Judith Martin, otherwise known as Miss Manners, points out that you can also do your child a service by filling him in on some of the popular euphemisms -- just so he knows what his playground pals are talking about. (You might say, "That's your penis. Some kids you know call it a wiener.") "You do teach the child the correct names," Martin writes in Miss Manners' Guide to Rearing Perfect Children. "But you also teach him the current euphemisms. Giving him one without the other is unfair." A kindergartner can understand that there are times when euphemisms serve a purpose. Miss Manners observes: "The person who grows up saying, 'I'm going to have a bowel movement now,' is not going to have much of a social life."
How do I answer questions about where babies come from?
As simply as possible. Resist the urge to do the whole birds-and-bees speech; chances are your child doesn't want to know all the details yet. Young children best digest unsettling information in very small doses. Even before you're put on the spot, you might want to talk with your partner or a friend who has older children about how to word your responses in ways that keep you feeling comfortable and answer your child's immediate concern without adding mechanical specifics that might distress or confuse her. "Babies grow in a special place inside their mother" may be a perfectly satisfactory response to a 4-year-old, or you might say, "The baby grows from a special seed inside the mother's body."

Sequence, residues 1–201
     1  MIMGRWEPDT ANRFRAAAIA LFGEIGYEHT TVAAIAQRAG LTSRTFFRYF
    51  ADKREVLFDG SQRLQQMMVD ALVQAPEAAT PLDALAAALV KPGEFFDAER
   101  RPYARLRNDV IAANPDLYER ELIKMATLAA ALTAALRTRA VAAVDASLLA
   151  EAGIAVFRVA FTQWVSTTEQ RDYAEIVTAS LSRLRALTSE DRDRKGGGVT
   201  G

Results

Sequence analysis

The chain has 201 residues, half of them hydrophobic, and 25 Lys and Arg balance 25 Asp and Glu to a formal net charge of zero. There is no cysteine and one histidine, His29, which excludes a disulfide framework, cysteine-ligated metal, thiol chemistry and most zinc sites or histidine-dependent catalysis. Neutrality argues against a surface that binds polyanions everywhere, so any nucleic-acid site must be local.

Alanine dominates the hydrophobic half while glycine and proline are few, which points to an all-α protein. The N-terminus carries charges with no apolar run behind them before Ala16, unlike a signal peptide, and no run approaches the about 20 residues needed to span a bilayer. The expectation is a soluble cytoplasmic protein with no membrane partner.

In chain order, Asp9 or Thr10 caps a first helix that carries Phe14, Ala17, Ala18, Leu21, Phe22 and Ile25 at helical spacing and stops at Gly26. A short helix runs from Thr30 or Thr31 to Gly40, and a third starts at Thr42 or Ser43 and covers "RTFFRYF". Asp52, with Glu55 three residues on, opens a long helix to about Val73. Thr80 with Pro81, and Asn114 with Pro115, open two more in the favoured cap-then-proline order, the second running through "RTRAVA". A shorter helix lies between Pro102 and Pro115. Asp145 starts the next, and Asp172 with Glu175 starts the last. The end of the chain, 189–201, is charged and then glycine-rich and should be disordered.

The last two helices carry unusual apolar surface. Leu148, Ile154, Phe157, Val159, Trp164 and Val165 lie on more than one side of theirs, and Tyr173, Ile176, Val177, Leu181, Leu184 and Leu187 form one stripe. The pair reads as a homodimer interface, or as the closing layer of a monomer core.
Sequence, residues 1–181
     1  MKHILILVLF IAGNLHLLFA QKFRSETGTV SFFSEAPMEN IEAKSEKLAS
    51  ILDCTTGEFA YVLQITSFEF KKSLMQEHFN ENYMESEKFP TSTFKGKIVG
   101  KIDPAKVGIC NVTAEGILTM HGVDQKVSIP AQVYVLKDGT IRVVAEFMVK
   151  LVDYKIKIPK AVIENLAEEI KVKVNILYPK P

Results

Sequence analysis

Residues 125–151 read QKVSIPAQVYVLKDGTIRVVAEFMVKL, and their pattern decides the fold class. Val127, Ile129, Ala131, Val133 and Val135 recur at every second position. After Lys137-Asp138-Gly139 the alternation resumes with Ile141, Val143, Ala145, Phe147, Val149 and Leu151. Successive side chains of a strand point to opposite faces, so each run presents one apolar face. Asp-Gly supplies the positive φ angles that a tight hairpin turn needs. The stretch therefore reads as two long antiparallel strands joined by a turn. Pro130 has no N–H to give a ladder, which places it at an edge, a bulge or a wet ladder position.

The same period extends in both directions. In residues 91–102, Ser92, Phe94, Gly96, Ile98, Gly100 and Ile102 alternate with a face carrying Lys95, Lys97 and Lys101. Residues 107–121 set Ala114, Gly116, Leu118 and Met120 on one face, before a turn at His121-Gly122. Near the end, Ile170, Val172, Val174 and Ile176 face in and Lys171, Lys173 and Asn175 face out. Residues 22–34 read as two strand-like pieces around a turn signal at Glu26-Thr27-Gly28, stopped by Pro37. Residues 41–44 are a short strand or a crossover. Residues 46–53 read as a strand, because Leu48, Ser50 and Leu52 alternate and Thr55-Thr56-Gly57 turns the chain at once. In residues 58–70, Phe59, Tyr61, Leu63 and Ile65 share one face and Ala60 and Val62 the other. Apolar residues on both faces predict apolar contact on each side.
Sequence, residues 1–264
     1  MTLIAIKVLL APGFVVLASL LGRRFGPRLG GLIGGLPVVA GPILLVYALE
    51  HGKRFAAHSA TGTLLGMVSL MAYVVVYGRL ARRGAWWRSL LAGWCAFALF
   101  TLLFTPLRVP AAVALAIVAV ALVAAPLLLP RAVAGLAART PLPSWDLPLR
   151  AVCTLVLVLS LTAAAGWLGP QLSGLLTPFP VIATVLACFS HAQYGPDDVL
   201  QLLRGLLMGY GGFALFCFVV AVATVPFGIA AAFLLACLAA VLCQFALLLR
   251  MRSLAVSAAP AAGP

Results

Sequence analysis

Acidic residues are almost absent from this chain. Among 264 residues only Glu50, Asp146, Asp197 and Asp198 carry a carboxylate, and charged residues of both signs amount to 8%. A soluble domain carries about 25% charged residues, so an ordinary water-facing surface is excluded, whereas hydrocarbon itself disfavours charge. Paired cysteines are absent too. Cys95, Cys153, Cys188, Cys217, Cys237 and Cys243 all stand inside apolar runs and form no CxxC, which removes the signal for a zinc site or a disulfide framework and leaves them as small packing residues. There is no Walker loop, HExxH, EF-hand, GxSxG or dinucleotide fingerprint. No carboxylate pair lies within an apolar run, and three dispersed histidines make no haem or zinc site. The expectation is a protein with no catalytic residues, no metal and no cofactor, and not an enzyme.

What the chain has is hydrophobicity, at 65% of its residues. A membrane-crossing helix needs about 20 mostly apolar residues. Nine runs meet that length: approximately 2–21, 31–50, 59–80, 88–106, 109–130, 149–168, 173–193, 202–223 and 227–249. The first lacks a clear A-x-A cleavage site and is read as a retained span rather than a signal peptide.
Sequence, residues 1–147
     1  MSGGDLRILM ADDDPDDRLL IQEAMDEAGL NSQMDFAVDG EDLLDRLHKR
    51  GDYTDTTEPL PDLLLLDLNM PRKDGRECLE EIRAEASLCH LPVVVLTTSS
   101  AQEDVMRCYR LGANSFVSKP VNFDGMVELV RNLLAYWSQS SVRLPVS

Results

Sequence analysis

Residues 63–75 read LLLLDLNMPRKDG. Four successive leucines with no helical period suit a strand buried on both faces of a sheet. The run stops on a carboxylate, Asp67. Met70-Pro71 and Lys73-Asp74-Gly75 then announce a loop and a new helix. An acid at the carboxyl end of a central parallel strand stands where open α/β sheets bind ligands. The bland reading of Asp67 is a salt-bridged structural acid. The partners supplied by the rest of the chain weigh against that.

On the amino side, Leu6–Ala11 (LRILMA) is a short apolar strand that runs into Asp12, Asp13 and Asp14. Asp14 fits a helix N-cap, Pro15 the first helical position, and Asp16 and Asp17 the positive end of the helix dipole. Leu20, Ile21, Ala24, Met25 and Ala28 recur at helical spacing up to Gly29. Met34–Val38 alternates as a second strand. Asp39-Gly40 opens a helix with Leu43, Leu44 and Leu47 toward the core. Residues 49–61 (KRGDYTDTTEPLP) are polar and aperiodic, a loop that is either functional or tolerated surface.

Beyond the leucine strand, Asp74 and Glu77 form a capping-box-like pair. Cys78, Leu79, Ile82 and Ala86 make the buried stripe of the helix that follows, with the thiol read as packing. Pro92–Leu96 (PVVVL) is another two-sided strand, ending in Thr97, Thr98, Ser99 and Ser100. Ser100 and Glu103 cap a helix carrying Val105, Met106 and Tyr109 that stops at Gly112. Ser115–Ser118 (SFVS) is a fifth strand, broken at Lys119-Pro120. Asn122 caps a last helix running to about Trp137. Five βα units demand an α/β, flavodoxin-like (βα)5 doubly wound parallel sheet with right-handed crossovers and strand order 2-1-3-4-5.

If your child's already a cub reporter, he might ask the much-anticipated follow-up question. Make it easier to keep your cool by thinking about how you want to respond. One possible answer is: "The baby begins growing after the father joins his seed with the egg inside the mother's body." At this age, your child probably won't press you about how this comes to pass, but if he does, the simple and matter-of-fact route will get you through the rocky part: "When they decide they want to make a baby, the father puts his penis inside the mother, and that's where his seed comes out."
Are there tools that can help me with this?
Books are invaluable when it comes to answering tricky questions without getting red in the face. For two decades parents have relied on the classic Where Did I Come From? by Peter Mayle, Arthur Robins, and Paul Walter. Straightforward text and hilarious illustrations make this an ideal teaching aid for discussing sex and baby making with your child. The candid text is most appropriate for 5- and 6-year-olds, though of course you can always skip a few pages as you go along.